The best known manifestation of early dysautonomia in human diabetic neuropathy is a loss of cardiovagal function (7). Similar abnormalities have been described after several months of diabetes in experimental diabetic neuropathy (EDN). In a study of Yucatan miniature pigs, blood pressure (BP) and heart rate where recorded telemetrically (8). After 3 months of diabetes induced with streptozotocin (STZ), there was a marked reduction in respiratory sinus arrhythmia. Beyond 3 months, the impairment of cardiovagal function became more pronounced and was associated with increased resting heart rate. Similar observations were reported in spontaneous diabetes in the WBN/Kob rat (9). Florid hyperglycemia was present by 8-9 months, at which time there was a loss of the circadian rhythm of the heart rate and BP with a loss of the nocturnal fall in BP. Sympathetic failure is typically preceded by evidence of sympathetic overactivity, and much of the resting tachycardia is sympathetic in origin.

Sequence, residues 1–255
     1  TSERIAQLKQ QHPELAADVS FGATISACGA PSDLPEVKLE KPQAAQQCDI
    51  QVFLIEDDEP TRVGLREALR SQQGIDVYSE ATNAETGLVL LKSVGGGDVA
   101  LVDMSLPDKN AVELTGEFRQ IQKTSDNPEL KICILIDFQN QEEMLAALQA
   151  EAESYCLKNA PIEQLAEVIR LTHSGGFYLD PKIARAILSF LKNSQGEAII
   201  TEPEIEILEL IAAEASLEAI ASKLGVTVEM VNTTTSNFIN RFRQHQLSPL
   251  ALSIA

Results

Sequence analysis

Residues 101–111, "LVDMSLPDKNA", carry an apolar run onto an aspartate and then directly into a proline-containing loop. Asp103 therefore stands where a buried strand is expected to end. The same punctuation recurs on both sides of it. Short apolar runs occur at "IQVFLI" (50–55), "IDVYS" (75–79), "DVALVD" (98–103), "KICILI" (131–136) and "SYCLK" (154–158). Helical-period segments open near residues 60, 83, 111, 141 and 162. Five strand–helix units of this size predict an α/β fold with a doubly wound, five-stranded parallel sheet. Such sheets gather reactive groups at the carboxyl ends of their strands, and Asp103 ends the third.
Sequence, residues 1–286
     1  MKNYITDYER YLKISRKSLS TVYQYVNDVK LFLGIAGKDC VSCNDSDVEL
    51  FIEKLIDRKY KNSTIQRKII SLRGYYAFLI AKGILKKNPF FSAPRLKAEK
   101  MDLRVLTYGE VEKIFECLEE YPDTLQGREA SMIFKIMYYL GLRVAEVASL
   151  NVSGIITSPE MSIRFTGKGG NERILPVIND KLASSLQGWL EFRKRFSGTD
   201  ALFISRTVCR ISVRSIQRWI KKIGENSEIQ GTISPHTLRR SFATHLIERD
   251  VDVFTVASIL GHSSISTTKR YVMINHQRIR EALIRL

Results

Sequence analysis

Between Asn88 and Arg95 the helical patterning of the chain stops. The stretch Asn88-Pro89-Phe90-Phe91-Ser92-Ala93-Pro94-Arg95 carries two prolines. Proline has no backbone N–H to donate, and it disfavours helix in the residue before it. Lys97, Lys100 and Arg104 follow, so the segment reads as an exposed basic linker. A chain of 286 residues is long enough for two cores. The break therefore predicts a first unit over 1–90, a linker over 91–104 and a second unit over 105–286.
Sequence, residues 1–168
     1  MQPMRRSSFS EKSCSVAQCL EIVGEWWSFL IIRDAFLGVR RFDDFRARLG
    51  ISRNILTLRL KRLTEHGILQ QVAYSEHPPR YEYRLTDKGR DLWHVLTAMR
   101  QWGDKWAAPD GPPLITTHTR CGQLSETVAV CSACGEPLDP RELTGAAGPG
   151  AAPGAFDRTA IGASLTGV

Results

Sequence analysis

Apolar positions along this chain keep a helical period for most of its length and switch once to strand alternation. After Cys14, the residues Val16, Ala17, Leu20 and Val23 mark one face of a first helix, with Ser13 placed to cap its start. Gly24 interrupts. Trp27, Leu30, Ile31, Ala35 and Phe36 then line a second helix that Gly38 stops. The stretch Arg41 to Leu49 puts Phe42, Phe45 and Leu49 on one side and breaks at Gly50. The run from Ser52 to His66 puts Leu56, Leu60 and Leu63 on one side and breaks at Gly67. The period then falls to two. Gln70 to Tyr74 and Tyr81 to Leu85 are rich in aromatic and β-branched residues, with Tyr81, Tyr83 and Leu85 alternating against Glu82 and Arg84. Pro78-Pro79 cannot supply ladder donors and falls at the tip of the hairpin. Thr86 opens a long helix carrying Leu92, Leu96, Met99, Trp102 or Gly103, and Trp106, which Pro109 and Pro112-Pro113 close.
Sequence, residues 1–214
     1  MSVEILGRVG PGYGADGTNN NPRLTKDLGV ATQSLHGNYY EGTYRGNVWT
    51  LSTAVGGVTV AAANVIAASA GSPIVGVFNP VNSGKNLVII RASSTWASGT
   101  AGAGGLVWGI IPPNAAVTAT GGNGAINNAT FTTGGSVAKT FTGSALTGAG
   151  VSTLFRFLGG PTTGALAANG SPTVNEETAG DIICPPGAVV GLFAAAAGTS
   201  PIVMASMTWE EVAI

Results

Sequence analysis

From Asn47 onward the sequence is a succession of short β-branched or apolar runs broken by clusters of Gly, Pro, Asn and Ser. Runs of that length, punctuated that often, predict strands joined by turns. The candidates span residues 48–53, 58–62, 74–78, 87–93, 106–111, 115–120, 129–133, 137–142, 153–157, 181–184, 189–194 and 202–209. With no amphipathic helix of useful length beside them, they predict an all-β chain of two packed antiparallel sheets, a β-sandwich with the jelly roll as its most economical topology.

Baroreflex sensitivity is typically studied in human subjects as heart period change in response to induced reduction followed by an increase in BP. The agents used are usually intravenous boluses of phenylephrine followed by nitroprusside. This has been studied in experimental diabetes using this paradigm and was found to be significantly reduced (10). These workers studied baroreflex gain in alloxan diabetic rabbits after 12 and 24 weeks of diabetes (10). Baroreflex control of heart rate was evaluated in conscious rabbits by measuring changes in heart rate during phenylephrine-induced increases and nitroglycerin-induced decreases in arterial pressure. In diabetic rabbits, the gain of the baroreflex-mediated bradycardia in response to transient hypertension was significantly reduced after 12 and 24 weeks of diabetes. The gain of the barore-flex-mediated tachycardia in response to induced hypotension was not altered. Baroreflex function in anesthetized STZ rat was reported to be unchanged (11). These workers measured heart rate and renal sympathetic nerve activity. The effect of anesthesia in blunting baroreflex function needs to be considered because there were other changes in these rats including hypertension and resting tachycardia, suggesting that dysautonomia was present.